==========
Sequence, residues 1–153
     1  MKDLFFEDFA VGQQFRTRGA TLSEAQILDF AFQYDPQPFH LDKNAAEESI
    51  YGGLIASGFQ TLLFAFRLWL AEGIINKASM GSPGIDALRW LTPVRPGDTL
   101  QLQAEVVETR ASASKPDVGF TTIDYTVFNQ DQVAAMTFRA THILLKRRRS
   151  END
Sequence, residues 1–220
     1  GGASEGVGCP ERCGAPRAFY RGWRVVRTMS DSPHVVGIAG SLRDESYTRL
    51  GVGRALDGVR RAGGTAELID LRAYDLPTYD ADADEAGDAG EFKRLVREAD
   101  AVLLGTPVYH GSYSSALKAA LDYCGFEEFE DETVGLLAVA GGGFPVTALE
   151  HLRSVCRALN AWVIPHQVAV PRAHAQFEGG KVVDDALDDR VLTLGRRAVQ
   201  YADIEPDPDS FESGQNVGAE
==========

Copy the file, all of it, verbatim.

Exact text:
Sequence, residues 1–153
     1  MKDLFFEDFA VGQQFRTRGA TLSEAQILDF AFQYDPQPFH LDKNAAEESI
    51  YGGLIASGFQ TLLFAFRLWL AEGIINKASM GSPGIDALRW LTPVRPGDTL
   101  QLQAEVVETR ASASKPDVGF TTIDYTVFNQ DQVAAMTFRA THILLKRRRS
   151  END
Sequence, residues 1–220
     1  GGASEGVGCP ERCGAPRAFY RGWRVVRTMS DSPHVVGIAG SLRDESYTRL
    51  GVGRALDGVR RAGGTAELID LRAYDLPTYD ADADEAGDAG EFKRLVREAD
   101  AVLLGTPVYH GSYSSALKAA LDYCGFEEFE DETVGLLAVA GGGFPVTALE
   151  HLRSVCRALN AWVIPHQVAV PRAHAQFEGG KVVDDALDDR VLTLGRRAVQ
   201  YADIEPDPDS FESGQNVGAE